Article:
Those who get regular pedicures will be familiar with toe spacers: plastic or foam pads that sit between your toes to prevent nail polish from running.
But Dr. Aaron Horschig, a Missouri-based physical therapist, author and strength coach, has revealed that the tool has another little-known use.
He says they can also be useful in preventing and treating unsightly bunions.
About a third of Americans have bunions, a bony protrusion that forms at the joint at the base of the big toe as a result of excessive compression of the bones of the foot.
The problem, which can result from wearing tight shoes, can cause bone deformity, pain and stiffness, and there are limited treatments.
Surgery is performed in extreme cases, which carries risks of infection and requires weeks of recovery.
But toe spacers, which cost less than $10 in Amazoncan prevent the problem from occurring and even treat it, according to Dr. Horschig.
“I’m a big fan of using toe spacers, like Correct Toes, which, like dental braces, help realign your toes with the metatarsals of your foot,” he said in a video posted to his TikTok channel.
The metatarsals are the long bones at the front of the feet that are located just below the toes.
Bunions, where the bones of the foot shift to cause a bulge near the bottom of the toe, affect one in three Americans at some point in their lives. There are few treatment options other than surgery.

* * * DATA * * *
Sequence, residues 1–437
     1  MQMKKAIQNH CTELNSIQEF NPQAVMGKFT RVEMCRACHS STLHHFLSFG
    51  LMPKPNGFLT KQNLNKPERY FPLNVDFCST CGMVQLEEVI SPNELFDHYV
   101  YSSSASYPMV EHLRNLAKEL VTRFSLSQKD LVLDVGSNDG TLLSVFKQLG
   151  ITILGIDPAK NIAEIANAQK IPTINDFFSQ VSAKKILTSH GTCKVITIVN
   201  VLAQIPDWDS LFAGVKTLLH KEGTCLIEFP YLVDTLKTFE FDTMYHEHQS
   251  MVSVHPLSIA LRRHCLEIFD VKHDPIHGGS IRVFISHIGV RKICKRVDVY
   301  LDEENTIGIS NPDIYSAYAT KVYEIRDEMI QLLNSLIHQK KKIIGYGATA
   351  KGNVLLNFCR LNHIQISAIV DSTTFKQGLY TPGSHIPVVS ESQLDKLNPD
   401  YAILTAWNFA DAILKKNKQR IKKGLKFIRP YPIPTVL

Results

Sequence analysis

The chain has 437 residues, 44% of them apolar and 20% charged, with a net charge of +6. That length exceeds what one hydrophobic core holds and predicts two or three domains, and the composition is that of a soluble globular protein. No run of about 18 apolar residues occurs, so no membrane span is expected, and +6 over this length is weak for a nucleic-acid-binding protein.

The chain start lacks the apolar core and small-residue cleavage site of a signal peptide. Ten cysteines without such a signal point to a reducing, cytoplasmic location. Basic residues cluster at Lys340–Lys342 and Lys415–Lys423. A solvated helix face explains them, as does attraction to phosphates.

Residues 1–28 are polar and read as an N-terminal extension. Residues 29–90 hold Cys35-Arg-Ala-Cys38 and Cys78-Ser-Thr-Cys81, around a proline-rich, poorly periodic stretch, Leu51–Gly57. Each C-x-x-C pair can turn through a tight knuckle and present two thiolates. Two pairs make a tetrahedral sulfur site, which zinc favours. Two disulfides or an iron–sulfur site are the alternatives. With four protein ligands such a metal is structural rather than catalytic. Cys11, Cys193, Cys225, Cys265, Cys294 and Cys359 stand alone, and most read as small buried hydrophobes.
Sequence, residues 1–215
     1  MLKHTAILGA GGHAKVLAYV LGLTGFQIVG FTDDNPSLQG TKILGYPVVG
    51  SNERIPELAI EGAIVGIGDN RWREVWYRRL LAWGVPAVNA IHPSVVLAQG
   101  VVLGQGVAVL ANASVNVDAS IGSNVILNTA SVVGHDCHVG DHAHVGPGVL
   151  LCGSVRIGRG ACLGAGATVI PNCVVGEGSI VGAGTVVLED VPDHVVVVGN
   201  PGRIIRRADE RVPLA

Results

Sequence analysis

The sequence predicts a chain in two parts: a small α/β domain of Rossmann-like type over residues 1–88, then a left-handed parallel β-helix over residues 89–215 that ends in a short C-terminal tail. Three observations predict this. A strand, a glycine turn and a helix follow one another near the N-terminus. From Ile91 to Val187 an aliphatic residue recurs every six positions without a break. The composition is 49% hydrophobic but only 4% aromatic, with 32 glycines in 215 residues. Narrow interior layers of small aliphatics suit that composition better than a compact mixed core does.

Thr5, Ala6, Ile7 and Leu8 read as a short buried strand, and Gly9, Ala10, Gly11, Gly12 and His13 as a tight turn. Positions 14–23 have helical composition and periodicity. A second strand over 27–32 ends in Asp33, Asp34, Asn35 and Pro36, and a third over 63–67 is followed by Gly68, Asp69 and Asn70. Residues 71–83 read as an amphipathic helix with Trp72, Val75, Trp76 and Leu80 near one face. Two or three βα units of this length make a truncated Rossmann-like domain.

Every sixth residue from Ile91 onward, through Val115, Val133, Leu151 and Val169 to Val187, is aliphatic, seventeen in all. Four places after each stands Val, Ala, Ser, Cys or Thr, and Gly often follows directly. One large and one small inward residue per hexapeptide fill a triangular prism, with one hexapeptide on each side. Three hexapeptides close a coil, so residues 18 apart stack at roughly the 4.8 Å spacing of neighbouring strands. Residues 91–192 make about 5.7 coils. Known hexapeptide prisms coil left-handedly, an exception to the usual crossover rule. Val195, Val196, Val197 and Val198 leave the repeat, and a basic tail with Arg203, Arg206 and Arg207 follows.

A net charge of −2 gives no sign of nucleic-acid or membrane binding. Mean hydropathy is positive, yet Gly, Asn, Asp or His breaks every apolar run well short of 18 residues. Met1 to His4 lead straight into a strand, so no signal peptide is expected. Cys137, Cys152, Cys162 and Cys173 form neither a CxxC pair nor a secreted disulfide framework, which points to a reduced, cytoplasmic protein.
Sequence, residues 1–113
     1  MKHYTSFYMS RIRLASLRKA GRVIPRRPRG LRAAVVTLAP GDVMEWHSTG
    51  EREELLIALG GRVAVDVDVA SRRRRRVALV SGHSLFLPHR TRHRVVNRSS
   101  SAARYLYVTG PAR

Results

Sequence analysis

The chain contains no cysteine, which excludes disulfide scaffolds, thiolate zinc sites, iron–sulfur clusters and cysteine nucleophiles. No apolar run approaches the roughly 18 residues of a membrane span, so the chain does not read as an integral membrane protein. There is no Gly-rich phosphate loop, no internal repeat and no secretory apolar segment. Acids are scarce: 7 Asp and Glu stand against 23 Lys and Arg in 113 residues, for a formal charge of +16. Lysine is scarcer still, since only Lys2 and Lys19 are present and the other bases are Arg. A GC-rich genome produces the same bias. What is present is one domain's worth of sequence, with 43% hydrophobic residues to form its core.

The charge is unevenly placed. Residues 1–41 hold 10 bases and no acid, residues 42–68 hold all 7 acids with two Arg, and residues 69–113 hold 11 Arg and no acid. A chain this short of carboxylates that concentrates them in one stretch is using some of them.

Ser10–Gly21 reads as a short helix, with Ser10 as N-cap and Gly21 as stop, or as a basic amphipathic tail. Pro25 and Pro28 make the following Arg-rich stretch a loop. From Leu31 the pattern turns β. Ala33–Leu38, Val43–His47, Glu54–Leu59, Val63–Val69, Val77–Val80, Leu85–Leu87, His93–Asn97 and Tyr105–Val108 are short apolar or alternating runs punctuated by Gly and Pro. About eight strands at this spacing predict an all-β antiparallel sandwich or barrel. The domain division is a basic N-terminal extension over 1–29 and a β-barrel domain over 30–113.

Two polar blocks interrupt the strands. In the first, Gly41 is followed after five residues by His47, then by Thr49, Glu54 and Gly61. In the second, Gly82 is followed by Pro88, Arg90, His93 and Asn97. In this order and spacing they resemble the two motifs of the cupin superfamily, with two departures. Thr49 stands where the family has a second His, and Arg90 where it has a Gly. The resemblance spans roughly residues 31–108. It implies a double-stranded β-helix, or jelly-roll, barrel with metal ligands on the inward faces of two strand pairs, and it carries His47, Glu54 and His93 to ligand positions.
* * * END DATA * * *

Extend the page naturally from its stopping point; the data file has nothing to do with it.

According Dr. HorschigToe spacers can “de-angle” an existing bunion, in addition to relieving pain.
This is because, over time, they widen the top of the foot, forcing the bones to return to their normal position.
The claim appears to be supported by some research.
Toe spacers are used during pedicures to prevent polish from running, but experts say they also have a medical purpose.
A 2018 study published in the Journal of the American Podiatric Medical Association found that using toe spacers for eight months reduced pain and increased flexibility in women with moderate bunions.
Dr. Hoschig offers another tip to help your foot shape return to normal.
“Simply getting shoes with a wider toe box that helps the toes spread again can cause the reverse negative reaction,” he says.
“We wear shoes that are too narrow and over time our foot adapts to the shape of the shoe.”
Other experts recommend choosing shoes with a wide toe box (no pointed toes) and enough space between the tip of your longest toe and the end of the front of the shoe.